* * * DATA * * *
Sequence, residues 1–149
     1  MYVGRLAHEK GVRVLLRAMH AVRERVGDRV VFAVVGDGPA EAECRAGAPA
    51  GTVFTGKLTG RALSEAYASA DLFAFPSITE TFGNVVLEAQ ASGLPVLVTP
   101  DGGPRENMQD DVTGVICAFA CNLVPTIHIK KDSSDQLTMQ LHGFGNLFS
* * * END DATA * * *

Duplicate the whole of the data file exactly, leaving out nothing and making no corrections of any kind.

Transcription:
Sequence, residues 1–149
     1  MYVGRLAHEK GVRVLLRAMH AVRERVGDRV VFAVVGDGPA EAECRAGAPA
    51  GTVFTGKLTG RALSEAYASA DLFAFPSITE TFGNVVLEAQ ASGLPVLVTP
   101  DGGPRENMQD DVTGVICAFA CNLVPTIHIK KDSSDQLTMQ LHGFGNLFS